Earth is layered like an onion, with a thin outer crust, a thick viscous mantle, a fluid outer core, and a solid inner core. Within the mantle, there are two massive blob-like structures, roughly on opposite sides of the planet. The blobs, more formally referred to as Large Low-Shear-Velocity Provinces (LLSVPs), are each the size of a continent and 100 times taller than Mt. Everest. One is under the African continent, while the other is under the Pacific Ocean.
Using instruments that measure seismic waves, scientists know that these two blobs have complicated shapes and structures, but despite their prominent features, little is known about why the blobs exist or what led to their odd shapes.
Arizona State University scientists Qian Yuan and Mingming Li of the School of Earth and Space Exploration set out to learn more about these two blobs using geodynamic modeling and analyses of published seismic studies. Through their research, they were able to determine the maximum heights that the blobs reach and how the volume and density of the blobs, as well as the surrounding viscosity in the mantle, might control their height. Their research was recently published in.
The results of their seismic analysis led to a surprising discovery that the blob under the African continent is about 621 miles (1,000 km) higher than the blob under the Pacific Ocean. According to Yuan and Li, the best explanation for the vast height difference between the two is that the blob under the African continent is less dense (and therefore less stable) than the one under the Pacific Ocean.
To conduct their research, Yuan and Li designed and ran hundreds of mantle convection models simulations. They exhaustively tested the effects of key factors that may affect the height of the blobs, including the volume of the blobs and the contrasts of density and viscosity of the blobs compared with their surroundings. They found that to explain the large differences of height between the two blobs, the one under the African continent must be of a lower density than that of the blob under the Pacific Ocean, indicating that the two may have different composition and evolution.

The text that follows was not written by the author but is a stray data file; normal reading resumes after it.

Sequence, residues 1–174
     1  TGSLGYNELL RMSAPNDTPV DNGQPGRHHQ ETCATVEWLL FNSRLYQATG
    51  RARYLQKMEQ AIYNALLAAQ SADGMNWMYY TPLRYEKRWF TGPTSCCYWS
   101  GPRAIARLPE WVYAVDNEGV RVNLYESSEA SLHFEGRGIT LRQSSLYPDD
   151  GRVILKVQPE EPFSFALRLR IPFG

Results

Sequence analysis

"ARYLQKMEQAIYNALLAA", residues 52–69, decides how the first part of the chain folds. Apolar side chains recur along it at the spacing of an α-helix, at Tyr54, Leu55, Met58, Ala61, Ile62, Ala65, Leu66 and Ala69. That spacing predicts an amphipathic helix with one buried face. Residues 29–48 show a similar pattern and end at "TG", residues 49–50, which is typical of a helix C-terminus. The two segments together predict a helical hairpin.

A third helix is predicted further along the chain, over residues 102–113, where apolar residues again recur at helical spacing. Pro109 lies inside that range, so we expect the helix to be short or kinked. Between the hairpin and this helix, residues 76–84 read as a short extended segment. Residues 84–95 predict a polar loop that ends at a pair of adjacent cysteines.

“Our calculations found that the initial volume of the blobs does not affect their height,” lead author Yuan said. “The height of the blobs is mostly controlled by how dense they are and the viscosity of the surrounding mantle.”
“The Africa LLVP may have been rising in recent geological time,” co-author Li added. “This may explain the elevating surface topography and intense volcanism in eastern Africa.”
These findings may fundamentally change the way scientists think about the deep mantle processes and how they can affect the surface of the Earth. The unstable nature of the blob under the African continent, for example, may be related to continental changes in topography, gravity, surface volcanism and plate motion.
“Our combination of the analysis of seismic results and the geodynamic modeling provides new insights on the nature of the Earth’s largest structures in the deep interior and their interaction with the surrounding mantle,” Yuan said. “This work has far-reaching implications for scientists trying to understand the present-day status and the evolution of the deep mantle structure, and the nature of mantle convection.”